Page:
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Sharks: Facts And Fish Tales

For many swimmers, the word shark is synonymous with fear.

So it's no wonder the National Aquarium in Baltimore has opened an exhibit to counteract some of the misconceptions about sharks.

Andy DeHart, a shark biologist from the National Aquarium, visited The Early Show to provide some facts about sharks. He also brought an almost three-foot-long female spotted bamboo shark with him to the studio.

There are many myths about sharks, such as they are all man-eaters and they have a population that is unchecked and out of control. However, DeHart says some of the myth are not anchored in fact. He gave the following MYTHS about sharks:

  • All sharks are the same
    There actually is no typical shark. The nearly 400 species of sharks vary widely in habitat, size, features, diet and lifestyle. Sharks range from about six inches long, such as the cigar shark species, up to about 45-feet long like the whale shark. More than 50 percent of sharks are three-feet long or less; more than 80 percent are under five feet. And they range from shallow to deep water and from the Arctic to the Tropics.
  • There are too many sharks in the sea
    The truth is that many shark populations are decreasing, says DeHart. The chief reasons for this are bycatch (when fishermen toss away unwanted fish in their nets as garbage), overfishing and "finning," where sharks are killed for shark fin soup. Also, sharks mature late in life and produce very few young, in contrast with bony fish that generally lay large numbers of eggs. If people don't protect sharks, the ecological balance of the oceans will be severely threatened, explains DeHart.
  • Sharks are indiscriminate eating machines
    While sharks are primarily meat eaters, different species consume different kinds of food. Teeth often give clues to what sharks eat. Sharks with serrated edges on their teeth rip their prey, while sharks with pavement-like teeth eat mollusks and crustaceans. Some sharks are "generalists" and eat whatever is at hand, but many species are rather selective. The basking shark and the whale shark, for instance, feed on plankton. Sharks eat much less than many people believe; many may go for days or even weeks between feedings.
  • Sharks will always attack you
    The chances of being attacked by a shark are unlikely. For perspective, people are 250 times more likely to be killed by lightning than by a shark. As people increasingly invade sharks' habitats, shark incidents also will increase.

    DeHart suggests the following to avoid a shark attacks: Avoid swimming at dawn or dusk when visibility is decreased. Avoid areas where waves are breaking, as turbulent water makes it difficult for sharks to see and determine whether you are prey. Do not wear jewelry in the water. Sharks are attracted to shiny fishes, and jewelry may resemble their scales. Do not swim near schools of small fish, which are favorite foods of some sharks.

  • Sharks are not endangered by men
    Sharks and their relatives, skates and rays, are extremely vulnerable to overexploitation by man, habitat destruction and pollution. DeHart says the animals deserve respect and need protection. He explains people can help by avoiding polluting ocean waters; refusing to buy shark fin soup and shark cartilage supplements; making wise seafood choices; writing to their legislators for more shark protection laws; and learning the facts about sharks instead of perpetuating the myths.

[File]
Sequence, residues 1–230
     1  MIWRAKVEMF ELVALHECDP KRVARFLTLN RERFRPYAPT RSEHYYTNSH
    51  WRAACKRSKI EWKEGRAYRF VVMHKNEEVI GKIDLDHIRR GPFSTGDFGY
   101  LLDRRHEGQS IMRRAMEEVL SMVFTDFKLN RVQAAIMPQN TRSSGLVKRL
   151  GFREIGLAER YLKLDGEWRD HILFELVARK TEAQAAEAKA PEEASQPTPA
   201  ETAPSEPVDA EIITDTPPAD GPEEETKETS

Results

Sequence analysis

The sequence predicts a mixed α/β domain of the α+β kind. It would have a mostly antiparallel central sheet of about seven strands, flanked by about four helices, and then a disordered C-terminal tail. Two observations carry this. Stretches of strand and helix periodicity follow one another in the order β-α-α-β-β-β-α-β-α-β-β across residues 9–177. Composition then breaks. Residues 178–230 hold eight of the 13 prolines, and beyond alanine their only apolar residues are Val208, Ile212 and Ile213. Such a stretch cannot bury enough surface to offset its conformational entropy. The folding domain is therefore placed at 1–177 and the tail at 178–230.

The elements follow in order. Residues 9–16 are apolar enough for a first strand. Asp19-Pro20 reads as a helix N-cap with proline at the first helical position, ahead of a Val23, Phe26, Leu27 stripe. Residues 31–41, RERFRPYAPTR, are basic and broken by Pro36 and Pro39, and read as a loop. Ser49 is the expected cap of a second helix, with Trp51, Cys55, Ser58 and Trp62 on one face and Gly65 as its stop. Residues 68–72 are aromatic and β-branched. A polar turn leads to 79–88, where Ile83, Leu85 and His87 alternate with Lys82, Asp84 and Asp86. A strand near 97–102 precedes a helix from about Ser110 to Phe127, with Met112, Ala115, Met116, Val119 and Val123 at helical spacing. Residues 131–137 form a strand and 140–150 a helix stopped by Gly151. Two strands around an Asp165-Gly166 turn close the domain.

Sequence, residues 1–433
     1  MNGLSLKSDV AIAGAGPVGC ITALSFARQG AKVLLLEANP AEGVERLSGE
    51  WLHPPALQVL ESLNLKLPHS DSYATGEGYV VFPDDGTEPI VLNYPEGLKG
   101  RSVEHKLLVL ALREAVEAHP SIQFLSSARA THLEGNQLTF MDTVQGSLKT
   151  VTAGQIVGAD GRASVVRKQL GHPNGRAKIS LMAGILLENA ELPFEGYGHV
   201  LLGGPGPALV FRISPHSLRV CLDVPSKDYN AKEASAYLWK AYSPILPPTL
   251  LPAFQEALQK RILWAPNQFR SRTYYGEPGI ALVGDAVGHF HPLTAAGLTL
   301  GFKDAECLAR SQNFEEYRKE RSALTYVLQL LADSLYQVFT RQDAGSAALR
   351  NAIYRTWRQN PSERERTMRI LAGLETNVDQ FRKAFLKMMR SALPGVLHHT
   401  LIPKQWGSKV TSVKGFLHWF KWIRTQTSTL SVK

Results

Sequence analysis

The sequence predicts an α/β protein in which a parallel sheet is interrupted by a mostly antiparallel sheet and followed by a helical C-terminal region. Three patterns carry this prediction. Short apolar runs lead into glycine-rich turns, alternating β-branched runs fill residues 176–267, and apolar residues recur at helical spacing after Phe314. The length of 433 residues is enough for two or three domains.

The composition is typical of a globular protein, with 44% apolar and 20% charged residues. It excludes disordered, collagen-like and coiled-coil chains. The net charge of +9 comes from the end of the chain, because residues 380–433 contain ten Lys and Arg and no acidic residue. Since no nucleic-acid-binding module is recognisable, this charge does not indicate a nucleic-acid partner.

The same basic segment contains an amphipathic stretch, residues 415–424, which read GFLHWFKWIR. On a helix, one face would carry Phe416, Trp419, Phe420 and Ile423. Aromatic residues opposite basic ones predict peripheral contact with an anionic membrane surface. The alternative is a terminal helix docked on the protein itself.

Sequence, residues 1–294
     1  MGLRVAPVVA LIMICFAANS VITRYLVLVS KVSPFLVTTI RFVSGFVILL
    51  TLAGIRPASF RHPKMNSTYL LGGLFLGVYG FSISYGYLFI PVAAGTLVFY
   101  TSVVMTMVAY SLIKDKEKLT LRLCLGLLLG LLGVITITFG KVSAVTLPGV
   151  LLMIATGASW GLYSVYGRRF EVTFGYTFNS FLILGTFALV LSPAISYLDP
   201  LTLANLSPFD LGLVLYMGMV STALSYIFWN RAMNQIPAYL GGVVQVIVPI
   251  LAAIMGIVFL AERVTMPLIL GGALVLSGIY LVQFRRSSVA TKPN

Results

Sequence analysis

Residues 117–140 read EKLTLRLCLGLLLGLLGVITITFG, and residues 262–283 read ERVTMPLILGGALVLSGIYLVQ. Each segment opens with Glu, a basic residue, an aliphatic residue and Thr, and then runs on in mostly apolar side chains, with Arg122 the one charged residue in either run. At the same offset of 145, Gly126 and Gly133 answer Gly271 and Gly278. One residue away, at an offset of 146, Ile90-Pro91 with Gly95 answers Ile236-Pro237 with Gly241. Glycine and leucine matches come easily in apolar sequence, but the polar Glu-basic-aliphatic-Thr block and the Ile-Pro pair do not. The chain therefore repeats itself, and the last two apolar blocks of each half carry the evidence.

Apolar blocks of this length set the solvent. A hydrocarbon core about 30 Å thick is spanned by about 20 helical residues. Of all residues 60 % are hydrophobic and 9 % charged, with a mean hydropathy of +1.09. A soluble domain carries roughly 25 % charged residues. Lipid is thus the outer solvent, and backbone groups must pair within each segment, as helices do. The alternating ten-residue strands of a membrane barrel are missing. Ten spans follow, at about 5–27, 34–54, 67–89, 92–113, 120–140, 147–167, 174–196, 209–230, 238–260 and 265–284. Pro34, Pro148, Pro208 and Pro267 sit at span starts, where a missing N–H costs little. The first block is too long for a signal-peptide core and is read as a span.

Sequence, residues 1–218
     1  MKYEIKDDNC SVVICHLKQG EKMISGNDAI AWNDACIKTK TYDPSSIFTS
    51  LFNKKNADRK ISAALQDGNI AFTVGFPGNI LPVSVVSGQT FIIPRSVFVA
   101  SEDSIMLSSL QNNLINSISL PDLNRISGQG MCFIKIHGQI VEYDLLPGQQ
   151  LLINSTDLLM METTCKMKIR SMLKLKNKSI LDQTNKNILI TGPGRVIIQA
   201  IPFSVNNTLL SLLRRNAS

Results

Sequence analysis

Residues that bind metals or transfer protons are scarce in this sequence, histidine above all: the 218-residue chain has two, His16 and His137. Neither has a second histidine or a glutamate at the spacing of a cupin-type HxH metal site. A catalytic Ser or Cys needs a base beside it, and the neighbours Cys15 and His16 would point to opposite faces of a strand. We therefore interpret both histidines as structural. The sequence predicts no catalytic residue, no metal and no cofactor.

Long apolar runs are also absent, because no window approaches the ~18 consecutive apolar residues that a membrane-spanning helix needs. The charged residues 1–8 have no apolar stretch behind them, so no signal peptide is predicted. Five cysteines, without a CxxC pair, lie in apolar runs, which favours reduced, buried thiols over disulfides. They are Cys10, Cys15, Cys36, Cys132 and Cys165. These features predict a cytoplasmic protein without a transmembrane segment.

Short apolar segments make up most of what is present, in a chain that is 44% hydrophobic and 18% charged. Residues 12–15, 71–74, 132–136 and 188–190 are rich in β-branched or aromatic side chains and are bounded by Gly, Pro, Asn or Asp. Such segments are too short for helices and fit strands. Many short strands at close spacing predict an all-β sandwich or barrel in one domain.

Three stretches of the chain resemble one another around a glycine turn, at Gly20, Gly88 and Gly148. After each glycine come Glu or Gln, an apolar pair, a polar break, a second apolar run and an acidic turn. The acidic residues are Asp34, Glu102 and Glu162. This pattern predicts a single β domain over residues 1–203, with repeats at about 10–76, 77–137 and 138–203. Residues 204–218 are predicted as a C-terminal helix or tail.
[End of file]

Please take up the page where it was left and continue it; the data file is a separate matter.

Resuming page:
DeHart says people can take action to protect sharks and their relatives, skates and rays. Here are some tips to help maintain the shark population:

  • Know Your Seafood Dining: When dining on seafood, make the best choices possible to avoid eating fish that are on threatened or endangered species lists. If you can discern where and how the fish were caught, that will aid your choice.

    Fish caught by longlines or trawls have bycatch, which consists of fish that are tossed out as garbage. As an example, for every 10 pounds of shrimp caught, about four pounds of bycatch are wasted.

    Some choices, says DeHart, are farm-raised catfish and many Pacific species such as sole, flounder, and halibut. Locally, Maryland rockfish (properly called striped bass) are a good option because of Maryland's management program for these fish. You have the right to ask restaurant staff and fish wholesalers where and how fish were caught.

  • Avoid Shark Medicine: Don't purchase products that use shark cartilage. Some medical and diet products contain shark cartilage. DeHart says there is no proof that shark cartilage has any effect on cancer.
  • Don't Buy Shark Souvenirs: Avoid buying shark products for use as souvenirs.
  • Avoid Shark Food: Avoid buying or eating shark fin soup at home or abroad. Sharks are killed in a cruel manner solely for a select part of their fins from which the soup is made.
  • Be Aware of Shark Laws: DeHart says to let government officials know about your interest in legislation that protects sharks and their relatives. Letters, email and phone calls are all easy methods to make your preferences known to those who enact laws.
  • Choose An Elected Officials That's Right For You: If you are concerned about the welfare of sharks, DeHart suggests voting for people with a demonstrated interest in the environment.
  • Educate Yourself: DeHart also says to continue learning about aquatic life and ocean health. Web sites, such as the National Aquarium in Baltimore and Ichthyology at the Florida Museum of Natural History, are good resources for more information about sharks.
  • Support Aquariums: Some aquarium provides research to learn the behavior of sharks and and help them survive. Some also participates in shark tagging programs. DeHart says the more knowledge about sharks collected, the better.

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